The Angolan ambassador to the United Nations said yesterday that his government is willing to "work closely" with the State Department to bring immediate relief to drought victims in Angola, including those in rebel-held areas.

The diplomat, Manuel Pedro Pacavira, said a State Department delegation will visit Luanda this weekend to discuss supply routes and also to "see if we can find a way to normalize relations."

Pacavira, however, said in a prepared news statement that his government was still concerned about the creation of "special corridors" into parts of southern Angola controlled by Jonas Savimbi's rebel army (UNITA).

The State Department has been pressing the Luanda regime for months to adopt procedures that would get food to the 150,000 people in "immediate risk" of starvation in UNITA-controlled areas adjacent to Namibia and Botswana.

The Angolan government has refused to approve shipments through Namibia and Botswana, asserting that the routes were traditionally used for military supplies to UNITA. Pacavira's aides said their government was seeking instead to have all food for the southern part of the country, including UNITA areas, shipped by truck from the Angolan port of Namibe.

Pacavira, at a midday news briefing, avoided direct discussion of routes. He said only that "we have to find quick ways to take immediate aid to our population, wherever they may be in the country."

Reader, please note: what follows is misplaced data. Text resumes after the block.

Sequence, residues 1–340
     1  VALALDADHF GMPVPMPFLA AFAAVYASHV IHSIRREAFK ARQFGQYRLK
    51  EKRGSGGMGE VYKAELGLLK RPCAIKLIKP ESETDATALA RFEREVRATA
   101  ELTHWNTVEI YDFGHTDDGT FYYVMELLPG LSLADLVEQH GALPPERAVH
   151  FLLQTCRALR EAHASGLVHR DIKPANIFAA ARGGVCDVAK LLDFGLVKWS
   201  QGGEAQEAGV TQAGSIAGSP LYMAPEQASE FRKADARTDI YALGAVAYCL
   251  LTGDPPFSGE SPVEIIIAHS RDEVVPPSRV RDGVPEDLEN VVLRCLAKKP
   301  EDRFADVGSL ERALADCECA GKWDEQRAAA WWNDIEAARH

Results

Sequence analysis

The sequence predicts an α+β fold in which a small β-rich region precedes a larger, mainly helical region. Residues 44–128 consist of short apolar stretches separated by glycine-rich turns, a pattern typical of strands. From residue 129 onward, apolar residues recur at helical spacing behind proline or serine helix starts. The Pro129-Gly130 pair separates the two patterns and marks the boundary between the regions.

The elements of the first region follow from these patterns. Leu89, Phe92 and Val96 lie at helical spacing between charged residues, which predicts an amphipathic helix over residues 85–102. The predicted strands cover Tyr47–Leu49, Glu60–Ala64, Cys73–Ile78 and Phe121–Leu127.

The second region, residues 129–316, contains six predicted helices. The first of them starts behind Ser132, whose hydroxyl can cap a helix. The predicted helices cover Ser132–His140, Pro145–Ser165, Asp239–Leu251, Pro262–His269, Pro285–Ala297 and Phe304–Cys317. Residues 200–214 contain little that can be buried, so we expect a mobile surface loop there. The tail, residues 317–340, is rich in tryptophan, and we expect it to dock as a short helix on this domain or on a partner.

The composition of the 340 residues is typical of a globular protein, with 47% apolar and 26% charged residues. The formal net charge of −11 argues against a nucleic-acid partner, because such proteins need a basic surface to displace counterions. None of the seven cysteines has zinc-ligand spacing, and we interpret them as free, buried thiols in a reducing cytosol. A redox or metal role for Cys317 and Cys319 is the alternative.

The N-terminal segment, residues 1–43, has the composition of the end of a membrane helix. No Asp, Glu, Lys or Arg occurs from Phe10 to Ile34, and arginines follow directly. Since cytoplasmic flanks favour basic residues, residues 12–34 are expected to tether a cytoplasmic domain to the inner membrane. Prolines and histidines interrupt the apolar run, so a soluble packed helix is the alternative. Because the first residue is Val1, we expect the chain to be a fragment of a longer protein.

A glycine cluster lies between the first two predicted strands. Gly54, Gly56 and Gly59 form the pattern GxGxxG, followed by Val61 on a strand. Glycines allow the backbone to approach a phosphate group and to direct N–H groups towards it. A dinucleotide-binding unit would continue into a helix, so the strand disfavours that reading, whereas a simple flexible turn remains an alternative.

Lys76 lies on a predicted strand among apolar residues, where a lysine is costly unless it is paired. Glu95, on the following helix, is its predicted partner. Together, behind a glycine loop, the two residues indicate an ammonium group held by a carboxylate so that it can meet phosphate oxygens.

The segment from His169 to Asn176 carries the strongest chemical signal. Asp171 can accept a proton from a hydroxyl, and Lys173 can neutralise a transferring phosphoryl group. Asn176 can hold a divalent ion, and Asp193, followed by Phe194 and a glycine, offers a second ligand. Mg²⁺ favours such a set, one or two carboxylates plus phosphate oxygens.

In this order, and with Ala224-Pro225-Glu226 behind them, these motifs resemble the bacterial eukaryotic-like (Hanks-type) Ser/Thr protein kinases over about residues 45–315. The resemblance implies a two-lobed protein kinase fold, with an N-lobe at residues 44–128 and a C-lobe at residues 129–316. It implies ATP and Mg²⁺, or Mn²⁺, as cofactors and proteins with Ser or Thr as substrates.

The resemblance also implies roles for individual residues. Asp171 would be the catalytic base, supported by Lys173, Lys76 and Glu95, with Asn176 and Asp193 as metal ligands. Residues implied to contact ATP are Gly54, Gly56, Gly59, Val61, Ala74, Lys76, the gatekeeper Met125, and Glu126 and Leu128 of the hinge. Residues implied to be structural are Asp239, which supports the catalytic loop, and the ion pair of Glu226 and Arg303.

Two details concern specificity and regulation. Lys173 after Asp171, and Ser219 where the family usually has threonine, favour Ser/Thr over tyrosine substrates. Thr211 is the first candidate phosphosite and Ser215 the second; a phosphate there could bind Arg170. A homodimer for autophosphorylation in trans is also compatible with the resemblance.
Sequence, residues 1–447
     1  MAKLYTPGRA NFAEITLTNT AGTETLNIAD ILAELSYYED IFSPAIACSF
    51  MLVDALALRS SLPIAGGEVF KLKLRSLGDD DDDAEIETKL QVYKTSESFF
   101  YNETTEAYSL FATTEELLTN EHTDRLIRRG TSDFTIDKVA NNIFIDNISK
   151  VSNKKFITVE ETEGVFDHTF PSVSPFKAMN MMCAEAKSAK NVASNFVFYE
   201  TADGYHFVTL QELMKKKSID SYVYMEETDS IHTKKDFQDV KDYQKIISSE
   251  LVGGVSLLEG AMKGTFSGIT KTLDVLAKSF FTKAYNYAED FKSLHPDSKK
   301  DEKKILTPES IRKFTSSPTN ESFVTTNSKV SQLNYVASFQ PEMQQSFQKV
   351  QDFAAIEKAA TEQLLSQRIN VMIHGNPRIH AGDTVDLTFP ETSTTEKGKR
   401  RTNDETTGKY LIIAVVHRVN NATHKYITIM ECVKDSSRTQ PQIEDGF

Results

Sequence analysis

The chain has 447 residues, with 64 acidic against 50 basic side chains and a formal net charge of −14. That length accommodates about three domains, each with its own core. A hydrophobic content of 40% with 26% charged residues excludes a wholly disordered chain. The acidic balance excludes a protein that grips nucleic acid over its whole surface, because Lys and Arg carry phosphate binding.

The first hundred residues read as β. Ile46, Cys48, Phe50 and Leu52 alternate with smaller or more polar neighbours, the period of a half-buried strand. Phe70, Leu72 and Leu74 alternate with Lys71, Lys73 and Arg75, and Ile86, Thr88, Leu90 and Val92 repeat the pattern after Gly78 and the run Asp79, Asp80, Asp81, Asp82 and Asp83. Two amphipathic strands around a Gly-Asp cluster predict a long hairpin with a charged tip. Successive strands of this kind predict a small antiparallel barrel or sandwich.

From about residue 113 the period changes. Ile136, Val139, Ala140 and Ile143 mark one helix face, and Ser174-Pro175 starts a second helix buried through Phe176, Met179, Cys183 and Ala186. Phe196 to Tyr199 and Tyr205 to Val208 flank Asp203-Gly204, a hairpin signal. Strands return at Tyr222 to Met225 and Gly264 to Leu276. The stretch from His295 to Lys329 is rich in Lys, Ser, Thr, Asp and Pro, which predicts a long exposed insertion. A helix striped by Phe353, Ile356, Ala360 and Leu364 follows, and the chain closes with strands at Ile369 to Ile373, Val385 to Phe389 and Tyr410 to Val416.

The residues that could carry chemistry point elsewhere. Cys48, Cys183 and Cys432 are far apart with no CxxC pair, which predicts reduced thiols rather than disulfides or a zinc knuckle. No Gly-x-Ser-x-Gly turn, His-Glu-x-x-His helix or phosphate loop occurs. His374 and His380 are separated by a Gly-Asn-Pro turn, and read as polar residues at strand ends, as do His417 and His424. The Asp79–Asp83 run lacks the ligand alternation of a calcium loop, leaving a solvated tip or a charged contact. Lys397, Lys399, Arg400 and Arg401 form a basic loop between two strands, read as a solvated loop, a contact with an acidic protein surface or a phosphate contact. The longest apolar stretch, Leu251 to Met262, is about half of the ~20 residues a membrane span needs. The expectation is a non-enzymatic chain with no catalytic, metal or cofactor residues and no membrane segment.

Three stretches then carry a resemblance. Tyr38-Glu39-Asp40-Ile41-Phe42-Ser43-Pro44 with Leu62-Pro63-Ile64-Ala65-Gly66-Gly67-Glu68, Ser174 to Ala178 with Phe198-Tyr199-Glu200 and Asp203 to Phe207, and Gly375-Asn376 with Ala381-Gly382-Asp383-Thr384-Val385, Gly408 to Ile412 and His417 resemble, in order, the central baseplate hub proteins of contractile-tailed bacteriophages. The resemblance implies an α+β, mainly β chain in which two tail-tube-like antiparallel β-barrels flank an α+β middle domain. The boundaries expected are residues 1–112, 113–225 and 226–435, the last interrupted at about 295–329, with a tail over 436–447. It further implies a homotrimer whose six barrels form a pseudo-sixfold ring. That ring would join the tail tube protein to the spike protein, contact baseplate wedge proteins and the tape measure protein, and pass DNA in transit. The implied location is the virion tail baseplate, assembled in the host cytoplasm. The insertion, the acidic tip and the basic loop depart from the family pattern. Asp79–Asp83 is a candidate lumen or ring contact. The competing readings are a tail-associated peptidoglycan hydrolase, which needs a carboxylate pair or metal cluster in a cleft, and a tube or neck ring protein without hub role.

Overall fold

Pacavira's visit to Washington was evidently timed to coincide with congressional consideration of a Bush administration proposal to give UNITA another year of covert military aid, reportedly about $80 million, through the Central Intelligence Agency. A House subcommittee began marking up the 1991 intelligence authorization bill, including the Angola aid, yesterday.

Pacavira told reporters that "there is no further reason for a war in Angola" and said his one-party government was committed to "leave behind a Marxist-Leninist character," embark on a multiparty system and attract more western investments. He said Savimbi will have to move fast toward a cease-fire if he wants to "fit in."

Rep. Tony P. Hall (D-Ohio), chairman of the House Select Committee on Hunger, said after meeting with Pacavira that he was "very encouraged." He said Pacavira expressed willingness to ask for U.N. assistance in working out food-delivery corridors.

The International Red Cross would be in charge of the shipments. Pacavira told reporters that the Red Cross was "the most competent and appropriate agency" for the job. He did not answer directly when asked why he was still worried about weapons coming in through Namibia and Botswana if the Red Cross was in charge.